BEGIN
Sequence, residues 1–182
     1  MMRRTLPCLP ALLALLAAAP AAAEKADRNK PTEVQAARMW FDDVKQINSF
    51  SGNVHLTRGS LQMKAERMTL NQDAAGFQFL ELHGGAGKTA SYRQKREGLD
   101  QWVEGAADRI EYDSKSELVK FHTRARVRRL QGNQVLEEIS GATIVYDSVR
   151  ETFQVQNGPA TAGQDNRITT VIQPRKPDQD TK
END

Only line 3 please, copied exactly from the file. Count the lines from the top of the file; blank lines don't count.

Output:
    51  SGNVHLTRGS LQMKAERMTL NQDAAGFQFL ELHGGAGKTA SYRQKREGLD